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Arthritis Symptoms and Diagnosis

Updated on March 11, 2011

Arthritis Diagnosis

If you suffer from any kind of arthritis you will know how difficult it can be to describe your condition to others, it can also be very difficult to understand the condition yourself.

There are in excess of 200 different types of arthritis so is it any wonder being diagnosed is a very confusing time.

In this article I will discuss the more common types of arthritis, the symptoms of arthritis and what you can do to help yourself.

I am not a Doctor any information offered is my opinion and interpretation, if you feel you have an arthritic condition or need specific advice you should seek a professional medical opinion.

I am not going to discuss each type of arthritis but I would draw your attention to the more common arthritis in each group, I will also add links to each respected information source.

As I said there are over 200 types of arthritis, they can be broken down into the following groups:

Inflammatory Arthritis

There are wide range of conditions when we talk about inflammatory arthritis, listed below are 3 that I seem to be common conditions.

Rheumatoid Arthritis- Rheumatoid Arthritis (RA) is a chronic auto immune disease. As it progresses it's effects can be disabling for the RA sufferer however this depends on the level of disease and treatments. It is a very painful condition which affects a person’s ability to carry out simple everyday tasks. Often progressing rapidly causing swollen and damaged joints. Every joint risks being affected but the most common are the hands, feet and wrists. It can affect the whole body including internal organs such as the lungs, heart and eyes but this is not necessarily every RA patient.

Ankylosing Spondylitis- Ankylosing Spondylitis (AS) is a painful condition that generally affects the spine, tendons and ligaments; however it is not limited to these areas and has the potential to affect any other joint, eyes, bowel, lungs and heart.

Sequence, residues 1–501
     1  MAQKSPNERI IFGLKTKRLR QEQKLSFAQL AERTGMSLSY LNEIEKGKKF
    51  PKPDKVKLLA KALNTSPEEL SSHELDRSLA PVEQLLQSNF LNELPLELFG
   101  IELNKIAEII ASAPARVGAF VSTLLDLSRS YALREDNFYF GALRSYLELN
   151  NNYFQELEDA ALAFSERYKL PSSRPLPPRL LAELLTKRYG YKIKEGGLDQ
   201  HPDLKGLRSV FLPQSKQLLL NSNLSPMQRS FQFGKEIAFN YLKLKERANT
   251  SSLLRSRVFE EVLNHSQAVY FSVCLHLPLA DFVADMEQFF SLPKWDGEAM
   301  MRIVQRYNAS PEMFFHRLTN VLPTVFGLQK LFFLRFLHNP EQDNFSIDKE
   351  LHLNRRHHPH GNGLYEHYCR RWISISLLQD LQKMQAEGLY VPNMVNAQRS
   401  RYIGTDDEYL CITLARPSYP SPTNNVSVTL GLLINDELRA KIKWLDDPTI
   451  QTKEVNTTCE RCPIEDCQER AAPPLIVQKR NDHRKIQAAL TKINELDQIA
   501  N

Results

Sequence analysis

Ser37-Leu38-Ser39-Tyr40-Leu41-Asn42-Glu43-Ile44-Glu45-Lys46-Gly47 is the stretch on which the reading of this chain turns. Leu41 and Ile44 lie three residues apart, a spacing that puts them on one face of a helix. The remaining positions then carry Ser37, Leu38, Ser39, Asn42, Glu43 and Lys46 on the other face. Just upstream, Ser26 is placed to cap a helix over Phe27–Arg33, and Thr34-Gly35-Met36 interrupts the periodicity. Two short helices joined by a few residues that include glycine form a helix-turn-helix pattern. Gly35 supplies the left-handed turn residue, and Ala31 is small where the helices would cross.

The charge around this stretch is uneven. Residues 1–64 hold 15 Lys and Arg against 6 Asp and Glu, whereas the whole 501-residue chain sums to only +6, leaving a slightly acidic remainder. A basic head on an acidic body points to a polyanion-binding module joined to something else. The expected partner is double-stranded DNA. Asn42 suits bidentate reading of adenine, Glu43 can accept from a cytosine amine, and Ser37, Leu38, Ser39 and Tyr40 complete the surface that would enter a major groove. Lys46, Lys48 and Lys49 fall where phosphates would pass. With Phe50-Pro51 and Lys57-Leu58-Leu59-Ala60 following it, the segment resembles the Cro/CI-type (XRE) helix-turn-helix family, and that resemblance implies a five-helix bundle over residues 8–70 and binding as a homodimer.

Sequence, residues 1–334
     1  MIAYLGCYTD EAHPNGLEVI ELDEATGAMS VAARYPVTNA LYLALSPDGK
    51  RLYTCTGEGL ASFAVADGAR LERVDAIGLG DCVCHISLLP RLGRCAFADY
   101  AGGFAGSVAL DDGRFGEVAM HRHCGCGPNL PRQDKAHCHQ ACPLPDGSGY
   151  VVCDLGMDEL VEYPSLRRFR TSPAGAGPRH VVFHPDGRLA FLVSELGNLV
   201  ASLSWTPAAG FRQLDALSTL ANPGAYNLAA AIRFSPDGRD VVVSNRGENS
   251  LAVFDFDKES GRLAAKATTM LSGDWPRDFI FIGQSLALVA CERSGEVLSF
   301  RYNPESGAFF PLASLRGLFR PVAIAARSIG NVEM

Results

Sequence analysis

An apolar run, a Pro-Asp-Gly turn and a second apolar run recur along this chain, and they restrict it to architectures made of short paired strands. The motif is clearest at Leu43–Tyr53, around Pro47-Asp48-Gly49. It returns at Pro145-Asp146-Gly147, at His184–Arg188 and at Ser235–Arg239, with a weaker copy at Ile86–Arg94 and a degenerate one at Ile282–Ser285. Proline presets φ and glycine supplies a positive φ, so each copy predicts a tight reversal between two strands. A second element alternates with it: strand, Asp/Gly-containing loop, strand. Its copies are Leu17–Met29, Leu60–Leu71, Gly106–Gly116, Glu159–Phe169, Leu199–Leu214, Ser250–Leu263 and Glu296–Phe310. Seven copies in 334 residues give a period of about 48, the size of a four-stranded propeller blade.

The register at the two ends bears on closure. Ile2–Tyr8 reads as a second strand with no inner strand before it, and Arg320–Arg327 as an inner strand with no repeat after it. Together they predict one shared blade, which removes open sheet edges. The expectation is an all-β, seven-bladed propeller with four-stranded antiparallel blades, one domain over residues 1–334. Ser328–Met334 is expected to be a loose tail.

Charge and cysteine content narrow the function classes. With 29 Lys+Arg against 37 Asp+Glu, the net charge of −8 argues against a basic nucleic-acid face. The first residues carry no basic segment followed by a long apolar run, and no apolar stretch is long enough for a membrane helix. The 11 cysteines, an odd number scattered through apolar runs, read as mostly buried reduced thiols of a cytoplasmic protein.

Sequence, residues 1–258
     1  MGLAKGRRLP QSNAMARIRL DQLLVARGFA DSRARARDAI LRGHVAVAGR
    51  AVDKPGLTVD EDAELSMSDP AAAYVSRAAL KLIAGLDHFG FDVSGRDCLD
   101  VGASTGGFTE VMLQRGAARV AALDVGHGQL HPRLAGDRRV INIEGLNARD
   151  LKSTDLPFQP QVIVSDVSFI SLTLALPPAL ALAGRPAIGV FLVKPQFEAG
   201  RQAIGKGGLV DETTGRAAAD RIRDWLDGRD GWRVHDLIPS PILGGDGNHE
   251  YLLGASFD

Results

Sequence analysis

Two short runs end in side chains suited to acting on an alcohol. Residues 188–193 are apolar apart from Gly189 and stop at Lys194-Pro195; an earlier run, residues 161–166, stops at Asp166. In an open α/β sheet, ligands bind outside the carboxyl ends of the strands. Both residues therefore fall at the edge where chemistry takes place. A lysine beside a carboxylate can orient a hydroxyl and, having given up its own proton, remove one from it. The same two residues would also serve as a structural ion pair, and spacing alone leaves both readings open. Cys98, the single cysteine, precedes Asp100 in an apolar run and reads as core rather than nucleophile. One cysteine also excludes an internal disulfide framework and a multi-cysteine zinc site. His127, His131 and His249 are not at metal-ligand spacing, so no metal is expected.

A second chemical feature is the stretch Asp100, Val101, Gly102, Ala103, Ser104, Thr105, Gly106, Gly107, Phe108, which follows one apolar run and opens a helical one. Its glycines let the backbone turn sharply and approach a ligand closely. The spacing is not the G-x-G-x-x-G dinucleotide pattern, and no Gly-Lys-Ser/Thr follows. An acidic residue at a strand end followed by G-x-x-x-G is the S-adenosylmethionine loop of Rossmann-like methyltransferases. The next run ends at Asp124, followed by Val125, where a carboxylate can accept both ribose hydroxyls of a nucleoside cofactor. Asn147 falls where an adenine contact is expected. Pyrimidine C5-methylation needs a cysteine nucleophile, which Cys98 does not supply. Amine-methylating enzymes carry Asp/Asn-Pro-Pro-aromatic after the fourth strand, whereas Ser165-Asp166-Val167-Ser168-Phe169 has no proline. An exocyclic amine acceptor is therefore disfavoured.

Gout- Gout is a fairly common form of arthritis. Symptoms include painful swelling and inflammation in one or more of the joints. Gout usually affects the big toe, but it can develop in any joint in the body

Non Inflammatory Arthritis

This list of arthritic conditions includes the most common form of arthritis, the one most of us will suffer as we age.

Osteoarthritis- Osteoarthritis the most common form of arthritis. It develops gradually and over longer periods of time. Numerous different joints can be affected, often osteoarthritis affects the hands, knees, hips, feet and spine.There is no cure for Osteoarthritis but symptoms generally dampen down over time.

Scoliosis- Scoliosis is a common condition and is a sideways curvature of the spine, the patients spinal column twists, generally pulling the ribcage out of position. Scoliosis is not a disease rather it means that the spine is curved or twisted. It is not infectious or contagious.


Connective Tissue Disease

Here are a couple of condition that you may not have heard of, even less commonly known is that they are part of the arthritic family of diseases.

Lupus- Lupus is another autoimmune disease, the patients immune system creates antibodies which attack rather than protect the person. Symptoms include  severe fatigue, joint pain, muscle aches, anaemia, general malaise and sometimes results in the destruction of organs. Lupus often is confused with other diseases, such as multiple sclerosis and rheumatoid arthritis this can delay diagnosis.

Sjogren’s syndrome- Sjögren's Syndrome is a condition where the body’s immune system attacks parts of the body instead of fighting infection, this is mainly the white cells, which travel in the blood stream. In Sjögren's Syndrome the secretary glands which produce saliva, tears, vaginal, skin, bowel and other secretions develop a form of inflammation, similar to that seen in the joints in patients with rheumatoid arthritis. Dry eyes, dry mouth, dry skin and also dryness of the gastrointestinal tract are all common symptoms. These symptoms can mean that patients can have difficulty swallowing foods and dryness of the large bowel can cause symptoms similar to irritable bowel syndrome (IBS).

Sjögren's Syndrome sometimes occurs later in the development of other rheumatic conditions, such as rheumatoid arthritis, lupus or scleroderm. It can also occur as a condition in its own right typically developing in women in their 30’s to 60’s. Symptoms include general muscle or joint aching and fatigue. The fatigue isn’t normal tiredness it’s a really quite overwhelming fatigue.

Arthritis Overview

This article is not an exhaustive list of arthritic conditions nor meant to be used as a diagnosis, I hope you will take from it that arthritis comes in many forms, can be difficult to diagnose and live with.

If you would like more information on these conditions follow the links above or Google trusted sources.

If you think you may have one of these conditions then I urge you to seek medical advice as soon as possible.

I would love to hear your comments

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